We’re all pumpkins

Last night was Halloween, the third most exciting day of the year for my children. (Christmas Day wins First Place, with their respective birthdays trailing along in a close Second.)

I’m not really sure why they seem to like Halloween so much, considering that most of the holiday is spent complaining about what a mean and unfair mother I am.

For one, I only allow them to eat 2 pieces of candy on Halloween, and 2 pieces each day thereafter. Yes, I am kind of a freak about nutrition, but for the most part, I have a more important reason behind my candy-nazi ways. Remember how your parents used to tell you that if you ate too many sweets, you’d throw up? I have that kid. The throw up kid. He’s also known as Gutter Gut and Garbage Disposal. And he will literally eat and eat until he pukes. Usually in his bed while he’s asleep. In fact, I just got done picking puke chunks out of my dryer’s lint trap from the after effects of Animal’s birthday cake.

Secondly, I don’t allow any super scary costumes. I’ve discovered that for little boys, this is one of the Meanest Mom tricks in the book. They never stop complaining about it and I never stop explaining myself. I don’t think it’s cute, impressive, fun, or appropriate for children to be portraying themselves as violent or murderous. When I see an 8 year old walking around with fake blood about their mouth and a hole in the back of their head, or a demonic mask straight from the bowels of Hell, I really have to wonder. I don’t mean to go all Evangelical Christian here, but folks, there is something very wrong with a culture that has found it completely acceptable to dress children up as sick and twisted characters. So anyway, as usual, my boys pushed the envelope as far as they could. Tristan was a ninja, for about the 4th year in a row. (Ninjas have weapons but they only use them in self defense, competitions and artistic displays, right?) Aidan dressed up as an alien, and somehow managed to get me to buy him a battle axe, which he promised he was just using as “a walking stick.” And Rylan, sweet Rylan. I still have my claws in him. He was a lobster. We took him around to a few houses to trick-or-treat and it was so funny watching his face as someone opened the door and plopped candy into his bucket. A couple of times, he tried to walk right in the front door. (Isn’t that what you’re supposed to do after you ring someone’s doorbell and they open up?)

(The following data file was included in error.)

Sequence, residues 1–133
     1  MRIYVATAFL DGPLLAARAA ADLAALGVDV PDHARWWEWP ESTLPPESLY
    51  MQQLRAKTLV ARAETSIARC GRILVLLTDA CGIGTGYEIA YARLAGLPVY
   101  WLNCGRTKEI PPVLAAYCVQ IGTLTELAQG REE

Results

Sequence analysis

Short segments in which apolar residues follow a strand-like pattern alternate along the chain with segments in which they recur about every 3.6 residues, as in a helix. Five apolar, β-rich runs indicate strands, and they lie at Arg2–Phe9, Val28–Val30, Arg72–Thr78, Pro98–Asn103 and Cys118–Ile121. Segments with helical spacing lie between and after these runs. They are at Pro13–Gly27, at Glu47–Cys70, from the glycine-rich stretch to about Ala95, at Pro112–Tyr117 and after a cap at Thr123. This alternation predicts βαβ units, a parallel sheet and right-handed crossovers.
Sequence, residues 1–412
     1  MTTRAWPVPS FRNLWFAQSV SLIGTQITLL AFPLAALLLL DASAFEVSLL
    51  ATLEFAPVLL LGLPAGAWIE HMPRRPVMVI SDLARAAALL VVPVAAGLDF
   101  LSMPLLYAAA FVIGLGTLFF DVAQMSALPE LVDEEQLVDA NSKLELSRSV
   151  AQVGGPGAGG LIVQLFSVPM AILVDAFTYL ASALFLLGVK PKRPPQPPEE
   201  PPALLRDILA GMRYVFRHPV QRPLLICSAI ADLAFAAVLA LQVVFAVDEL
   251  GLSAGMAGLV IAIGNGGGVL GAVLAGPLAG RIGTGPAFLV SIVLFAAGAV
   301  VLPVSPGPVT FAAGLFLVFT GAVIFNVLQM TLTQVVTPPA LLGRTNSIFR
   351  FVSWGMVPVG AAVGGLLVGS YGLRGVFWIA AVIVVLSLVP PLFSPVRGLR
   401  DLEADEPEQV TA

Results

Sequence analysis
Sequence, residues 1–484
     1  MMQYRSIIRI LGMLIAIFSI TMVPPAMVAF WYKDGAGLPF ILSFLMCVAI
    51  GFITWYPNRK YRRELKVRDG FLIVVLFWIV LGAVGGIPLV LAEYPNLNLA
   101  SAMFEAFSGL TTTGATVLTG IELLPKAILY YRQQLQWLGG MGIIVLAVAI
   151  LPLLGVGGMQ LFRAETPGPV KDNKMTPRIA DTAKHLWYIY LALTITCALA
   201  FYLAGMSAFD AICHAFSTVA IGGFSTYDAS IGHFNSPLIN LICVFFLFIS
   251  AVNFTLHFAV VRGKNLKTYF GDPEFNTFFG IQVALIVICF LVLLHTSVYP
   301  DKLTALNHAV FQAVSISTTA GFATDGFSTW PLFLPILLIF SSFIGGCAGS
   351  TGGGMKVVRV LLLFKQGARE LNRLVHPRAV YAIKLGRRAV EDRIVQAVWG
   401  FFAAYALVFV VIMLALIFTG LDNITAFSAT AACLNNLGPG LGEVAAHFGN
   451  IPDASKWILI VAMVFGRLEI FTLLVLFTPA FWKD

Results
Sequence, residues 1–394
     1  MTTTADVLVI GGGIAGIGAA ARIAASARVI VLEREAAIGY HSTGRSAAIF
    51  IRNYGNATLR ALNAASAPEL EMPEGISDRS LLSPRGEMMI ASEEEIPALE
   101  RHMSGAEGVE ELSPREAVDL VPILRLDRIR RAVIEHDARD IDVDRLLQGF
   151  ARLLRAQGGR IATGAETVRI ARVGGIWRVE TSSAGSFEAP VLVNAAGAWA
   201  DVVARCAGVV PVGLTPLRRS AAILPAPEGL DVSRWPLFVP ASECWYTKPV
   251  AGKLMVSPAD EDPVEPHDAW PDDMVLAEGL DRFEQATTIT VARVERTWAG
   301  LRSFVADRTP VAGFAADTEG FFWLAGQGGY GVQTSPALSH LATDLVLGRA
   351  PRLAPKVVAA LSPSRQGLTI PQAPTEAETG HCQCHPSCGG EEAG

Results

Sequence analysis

Afterwards, we went to a “festival” they were having at my parent’s church. The boys got to play all those cute little carnival games like the bean bag toss, bowling, and the game with the fishing poles. It was all very Polyanna. They lured the kids in with raffle tickets for big toy prizes and at the very end of the night, they instructed us to all sit down so they could call the winning numbers. Oh, but not without a little Bible lesson squeezed in to the night’s festivities! A man at the front showed us a lovely little pumpkin “so smooth and round and pretty”, and then cut it open and showed the “ugly, yucky, dirty stuff inside”. Just like us! It was bad. I had to walk away for awhile. When I came back, he was still droning on, and at least fifty 3 year olds were running around the place, screaming, on an obvious sugar high from all the candy that had been passed out. The man was really flustered. I had to smile.

1 Response to “We’re all pumpkins”

  1. 1 Magdalena November 1, 2006 at 11:14 am

    I disagree with not letting kids dress up scary, and I don’t think there is anything wrong with parents who allow their children to do so. That is what Halloween is all about in the first place, dressing up as ghouls, zombies, witches, and other scary things so that they can blend in and not be noticed by the real evil spirits who wandered on All Hollows Eve. If you Wikipedia Halloween, it tells you how it all began.
    It bothers me that holidays get so watered down now because of the “PC” aspect. It also gives me great pleasure to watch people fidget and squirm when my bloody 11 year old knocks on their door for candy; which I guess makes me “one of those” moms. I wonder to myself why they even bother awnsering the door if creepy stuff disturbs them that much? Halloween isn’t about being cute, even taking into account the cultural evolution it has expierienced.
    My kid dressing up as, for instance, a bloody chef, is not going to make him into some sort of social deviant. Even if, God forbid, he did end up a social deviant, I certainly wouldn’t blame myself for letting him wear spooky Halloween costumes.

    I bet you don’t venture into haunted house very often, huh? lol

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